And in a particularly cringeworthy conversation, the crown prince, while trying to arrange a good political marriage, "gives" Logan Gyre (Azoth's best friend, the heroic and idealistic young noble who is the other protagonist of the book) his younger sister (a fifteen-year-old hottie also defined largely by being an angelic virgin with great boobs) as a birthday present:
"Say yes, and you can do all the things you were imagining a minute ago - legitimately."
I'd say it's pretty creepy for a big brother to be back-slapping another dude about the prospect of nailing his little sister, except that after Logan and the poor girl do get married, her father goes way, way beyond creepy in an over-the-top "Go fuck my daughter!" rant. (In fairness, he was being poisoned at the time and thus not in his right mind, but still...)
Wakizashis and Wetboys
Weeks's worldbuilding is serviceable, with an interesting if unoriginal setting. Cenaria is a crappy little minor kingdom surrounded by larger enemies that conquer them every so often. One of their neighboring empires is ruled by a "Godking," and his plot to conquer Cenaria manifests in the second half of the book (and apparently he is the Big Bad in the remainder of the trilogy). It's pretty much a low-magic medieval fantasy world. Magic users exist but they're rare, and they're powerful but not earth-shakingly so. In other words, they make perfect Player Characters. Weeks has the same predilection as Brandon Sanderson for designing complex, multi-classed magic systems, and the same flaw (but worse) of exposing the fact that his head has been filled with roleplaying game paradigms. There seem to be a few magical creatures, but they aren't running all over the place -- mostly, it's a human world.
Inexplicably, however, Cenaria seems to have decided to borrow random words and weapons from Japan. From the Sa'kage (yes, we're actually told "kage" means "shadow") to buildings made of bamboo and paper, to the wakizashi and tanto that Kylar carries (yes, they're actually called that in the book), there are arbitrary bits of Japan shoved into an otherwise very European setting. Wetboys, of course, are ninjas in all but name. I think Weeks was trying to add some non-European flavor to his world, but it just seemed out of place and inappropriate to me, like "Let's add some random Badass Ethnic Weapons, 'cause 'wakizashi' and 'tanto' sounds cooler than 'short sword' and 'knife'."
Another thing that bothered me was the same thing that bothers me about a lot of medieval Crapsack Worlds: if life is nasty, brutish, and short for most of the population, then why should we root for one set of tyrannical overlords over another? There isn't much nuance in a Grimdark Crapsack World like this: we get a few "good guys" among the ruling class who are supposed to make us root for Cenaria against the Godking, but by the end of the book, when the Cenarians are rallying and swearing that they will defend their homes, they will return, they will fight the evil Godking Rah!Rah!Rah!, I'm thinking "Why?" The only people for whom living under the Godking will be worse than living under the Sa'kage and their puppet aristocracy are the Sa'kage and the puppet aristocracy. Why would the people whose lives already suck beyond belief care that they're being invaded?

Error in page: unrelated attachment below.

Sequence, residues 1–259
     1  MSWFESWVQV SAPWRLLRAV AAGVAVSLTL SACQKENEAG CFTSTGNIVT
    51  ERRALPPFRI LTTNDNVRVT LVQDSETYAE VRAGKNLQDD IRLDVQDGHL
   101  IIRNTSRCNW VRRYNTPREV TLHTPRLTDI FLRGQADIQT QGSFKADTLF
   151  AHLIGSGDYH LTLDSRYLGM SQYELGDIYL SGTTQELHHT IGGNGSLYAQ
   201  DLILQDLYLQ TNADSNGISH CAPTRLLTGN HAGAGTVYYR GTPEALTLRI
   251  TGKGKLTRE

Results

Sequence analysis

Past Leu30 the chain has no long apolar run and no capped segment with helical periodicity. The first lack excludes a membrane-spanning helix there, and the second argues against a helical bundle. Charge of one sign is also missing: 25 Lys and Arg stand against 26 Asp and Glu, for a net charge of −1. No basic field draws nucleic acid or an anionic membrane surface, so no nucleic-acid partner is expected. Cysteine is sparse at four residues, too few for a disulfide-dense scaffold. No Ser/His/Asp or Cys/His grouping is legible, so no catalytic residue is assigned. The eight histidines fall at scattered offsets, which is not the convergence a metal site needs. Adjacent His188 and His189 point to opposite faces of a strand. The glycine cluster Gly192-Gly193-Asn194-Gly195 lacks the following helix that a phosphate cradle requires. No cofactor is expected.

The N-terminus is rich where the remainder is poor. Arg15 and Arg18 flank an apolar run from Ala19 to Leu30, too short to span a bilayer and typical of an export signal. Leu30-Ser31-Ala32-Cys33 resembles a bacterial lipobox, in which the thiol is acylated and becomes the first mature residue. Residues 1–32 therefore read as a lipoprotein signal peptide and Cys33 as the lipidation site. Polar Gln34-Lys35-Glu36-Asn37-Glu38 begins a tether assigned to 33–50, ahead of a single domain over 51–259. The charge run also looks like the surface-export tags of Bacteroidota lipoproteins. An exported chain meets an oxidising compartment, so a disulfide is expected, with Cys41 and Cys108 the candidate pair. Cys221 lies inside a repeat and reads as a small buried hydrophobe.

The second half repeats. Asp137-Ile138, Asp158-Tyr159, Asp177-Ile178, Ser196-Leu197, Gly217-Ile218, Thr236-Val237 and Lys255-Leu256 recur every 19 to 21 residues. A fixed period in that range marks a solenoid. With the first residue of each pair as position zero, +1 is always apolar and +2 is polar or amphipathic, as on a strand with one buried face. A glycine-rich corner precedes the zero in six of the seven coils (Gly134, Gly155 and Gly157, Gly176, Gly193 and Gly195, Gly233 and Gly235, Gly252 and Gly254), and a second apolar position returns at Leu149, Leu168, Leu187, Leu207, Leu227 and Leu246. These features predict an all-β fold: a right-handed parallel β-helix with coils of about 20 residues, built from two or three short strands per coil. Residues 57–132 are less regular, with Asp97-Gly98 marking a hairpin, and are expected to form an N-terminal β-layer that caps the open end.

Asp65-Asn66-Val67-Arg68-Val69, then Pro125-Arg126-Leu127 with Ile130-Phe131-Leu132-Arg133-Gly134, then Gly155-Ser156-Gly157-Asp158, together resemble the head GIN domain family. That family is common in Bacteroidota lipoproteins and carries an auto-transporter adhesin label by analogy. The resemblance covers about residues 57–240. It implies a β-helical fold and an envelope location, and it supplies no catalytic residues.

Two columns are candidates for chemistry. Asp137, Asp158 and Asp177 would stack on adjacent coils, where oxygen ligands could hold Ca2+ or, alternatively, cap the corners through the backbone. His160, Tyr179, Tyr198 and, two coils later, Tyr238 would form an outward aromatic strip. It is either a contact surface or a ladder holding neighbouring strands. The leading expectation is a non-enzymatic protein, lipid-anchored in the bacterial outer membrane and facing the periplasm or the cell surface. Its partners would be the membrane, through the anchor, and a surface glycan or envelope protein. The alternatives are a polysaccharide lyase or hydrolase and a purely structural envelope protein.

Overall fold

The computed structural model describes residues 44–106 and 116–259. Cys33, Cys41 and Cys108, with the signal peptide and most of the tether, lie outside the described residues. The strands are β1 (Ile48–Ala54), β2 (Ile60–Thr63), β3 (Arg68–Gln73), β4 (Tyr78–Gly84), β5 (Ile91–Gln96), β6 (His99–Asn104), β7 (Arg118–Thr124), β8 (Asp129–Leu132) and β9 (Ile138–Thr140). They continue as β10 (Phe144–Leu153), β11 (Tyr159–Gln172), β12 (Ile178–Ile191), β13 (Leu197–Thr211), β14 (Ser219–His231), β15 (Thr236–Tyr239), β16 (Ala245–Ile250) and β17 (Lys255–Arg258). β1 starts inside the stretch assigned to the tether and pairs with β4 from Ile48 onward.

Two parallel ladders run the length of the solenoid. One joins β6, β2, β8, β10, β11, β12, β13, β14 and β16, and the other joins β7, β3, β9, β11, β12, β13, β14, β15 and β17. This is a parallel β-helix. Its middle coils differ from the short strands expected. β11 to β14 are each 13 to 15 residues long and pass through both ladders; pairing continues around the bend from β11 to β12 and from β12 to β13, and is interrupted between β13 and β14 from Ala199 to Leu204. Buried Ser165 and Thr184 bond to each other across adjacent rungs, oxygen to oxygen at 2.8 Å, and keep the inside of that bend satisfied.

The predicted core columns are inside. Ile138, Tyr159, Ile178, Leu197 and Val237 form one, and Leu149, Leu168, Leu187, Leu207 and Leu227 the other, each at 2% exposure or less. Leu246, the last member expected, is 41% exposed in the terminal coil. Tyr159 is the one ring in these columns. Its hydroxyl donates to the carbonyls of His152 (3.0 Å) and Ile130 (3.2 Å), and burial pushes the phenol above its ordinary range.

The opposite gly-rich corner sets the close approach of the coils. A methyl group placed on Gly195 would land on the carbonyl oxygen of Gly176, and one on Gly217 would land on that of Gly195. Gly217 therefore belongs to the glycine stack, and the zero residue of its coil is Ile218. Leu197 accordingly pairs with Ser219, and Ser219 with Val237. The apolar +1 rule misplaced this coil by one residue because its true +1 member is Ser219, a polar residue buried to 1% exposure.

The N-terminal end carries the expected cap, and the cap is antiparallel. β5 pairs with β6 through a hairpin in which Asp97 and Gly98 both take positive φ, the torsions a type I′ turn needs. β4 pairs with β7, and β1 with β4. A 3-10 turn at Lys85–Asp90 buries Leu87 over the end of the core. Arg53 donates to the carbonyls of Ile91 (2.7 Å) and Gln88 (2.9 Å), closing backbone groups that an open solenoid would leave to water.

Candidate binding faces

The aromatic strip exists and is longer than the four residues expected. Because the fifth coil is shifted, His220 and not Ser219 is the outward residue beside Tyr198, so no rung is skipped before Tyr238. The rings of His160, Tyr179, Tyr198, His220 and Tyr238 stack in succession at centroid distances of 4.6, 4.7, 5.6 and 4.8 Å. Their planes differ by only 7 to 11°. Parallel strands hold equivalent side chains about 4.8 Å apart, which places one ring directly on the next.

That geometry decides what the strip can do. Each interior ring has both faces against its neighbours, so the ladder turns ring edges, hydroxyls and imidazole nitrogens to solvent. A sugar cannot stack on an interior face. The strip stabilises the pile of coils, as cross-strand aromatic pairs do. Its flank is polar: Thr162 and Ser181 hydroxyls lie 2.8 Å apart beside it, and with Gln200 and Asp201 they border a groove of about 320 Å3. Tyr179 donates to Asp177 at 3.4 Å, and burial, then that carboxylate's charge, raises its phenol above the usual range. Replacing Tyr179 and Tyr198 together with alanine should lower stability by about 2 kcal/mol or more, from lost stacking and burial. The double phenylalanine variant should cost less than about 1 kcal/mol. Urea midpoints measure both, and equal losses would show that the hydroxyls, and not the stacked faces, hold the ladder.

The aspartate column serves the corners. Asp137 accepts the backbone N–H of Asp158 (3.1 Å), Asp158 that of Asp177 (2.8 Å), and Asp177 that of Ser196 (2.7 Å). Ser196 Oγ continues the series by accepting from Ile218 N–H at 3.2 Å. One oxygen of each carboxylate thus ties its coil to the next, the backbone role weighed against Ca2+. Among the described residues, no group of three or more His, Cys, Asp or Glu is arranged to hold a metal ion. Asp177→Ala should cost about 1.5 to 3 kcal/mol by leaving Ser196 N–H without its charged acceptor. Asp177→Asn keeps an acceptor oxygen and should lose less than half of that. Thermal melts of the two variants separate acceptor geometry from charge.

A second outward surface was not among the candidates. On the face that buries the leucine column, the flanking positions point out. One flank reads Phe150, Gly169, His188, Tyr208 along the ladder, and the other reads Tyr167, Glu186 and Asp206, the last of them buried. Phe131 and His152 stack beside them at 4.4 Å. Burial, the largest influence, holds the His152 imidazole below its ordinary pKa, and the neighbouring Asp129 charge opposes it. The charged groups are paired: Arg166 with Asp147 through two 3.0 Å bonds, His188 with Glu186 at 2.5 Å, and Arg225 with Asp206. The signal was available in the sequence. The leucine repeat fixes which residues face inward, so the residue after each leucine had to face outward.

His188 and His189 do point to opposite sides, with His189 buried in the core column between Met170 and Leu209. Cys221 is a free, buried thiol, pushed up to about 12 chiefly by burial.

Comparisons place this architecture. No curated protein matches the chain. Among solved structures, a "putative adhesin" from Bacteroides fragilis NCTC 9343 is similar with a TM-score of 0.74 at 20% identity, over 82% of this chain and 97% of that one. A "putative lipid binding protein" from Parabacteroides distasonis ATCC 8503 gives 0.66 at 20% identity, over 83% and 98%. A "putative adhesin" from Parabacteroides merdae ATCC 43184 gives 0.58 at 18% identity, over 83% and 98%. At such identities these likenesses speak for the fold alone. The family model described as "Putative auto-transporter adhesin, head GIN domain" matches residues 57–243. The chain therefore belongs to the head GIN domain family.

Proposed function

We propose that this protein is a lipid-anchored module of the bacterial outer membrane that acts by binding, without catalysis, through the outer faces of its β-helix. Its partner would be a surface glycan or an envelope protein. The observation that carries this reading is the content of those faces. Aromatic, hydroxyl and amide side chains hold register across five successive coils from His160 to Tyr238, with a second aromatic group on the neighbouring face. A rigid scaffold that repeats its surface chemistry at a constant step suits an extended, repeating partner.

Bad-Ass Quotes of Bad-Assery
Most of the time the writing is okay, and Weeks does a good job of describing scenes and characters (aside from the aforementioned habit of women's breasts taking center stage), and he's particularly good with action scenes. But there are some real howlers, especially when he's trying too hard to be Dark And Gritty:
"Killing was no longer an activity. It was a state of being. Kylar had become killing."
Also, herein is the most unintentionally hilarious description of a guy getting kicked in the balls I've ever read:
"It was like the sun exploding in his pants."
Goodreads: Average: 4.13. Mode: 5 stars.
Amazon: Average: 4.0. Mode: 5 stars.
What Negative Reviewers Say
Basically the same thing I did, except they're less nice about it:
The Way of Shadows uses cool names in place of character development, breast size as shorthand for female characters, bloody description rather than engaging action and anachronistic one-liners as a cheap substitute for actual dialogue. It is like reading an unedited transcription of an 11 year old's daydreams, a collection of every genre shortcoming into a single, buzzword-laden volume. This book is 10,000 pounds of adolescent awesome!!! without a single ounce of merit.
This was an effectively written fantasy, but I'm afraid I failed to bond with any of the main characters, even the villains, which at 688 pages, makes it a pretty rough row to hoe. I didn't care which assassin won out, whether master slayed student or vice versa, or who got the girl or the magic doohicky. The bad guys follow the standard Fantasy "generic evil" stereotype, exhibiting great sadism but lacking any true motivation. Evil for the sake of evil is insanity, but not every bad guy can be insane.
There's plenty of action and violence, but that's because the "wetboy" wizard/assassins are pretty much playing on God mode, so there's very little sense of danger. I kept finding myself asking, "What's with all this talking and wheeling-dealing? Why doesn't he just KILL everyone???"
There's a distinct dearth of sex in the book up until the last couple hundred pages. It's like the author was a little nervous about introducing it. In fact, almost every one of the younger principle characters has this weird "virgin until married" morality, as if they were aware they were characters in a modern Medieval Fantasy action/romance. One character acting that way is fine, but ALL of them? Peasants AND nobles??? Again, it just served to disconnect me from the story.
Verdict: This is passable Epic Fantasy Product that's a cut above average and a cut below great. The story had plenty of action, thrills, intrigue, twists, and revelations, so it's A+ entertainment in that regard. But it's also highly derivative power-tripping wish fulfillment for teenage boys with some real eye-rolling moments. I'll get to the rest of the trilogy, but with no great urgency. (And in the author's favor, while there of course a number of loose threads left dangling at the end of the book, it's mostly pretty self-contained with the major plot points resolved.)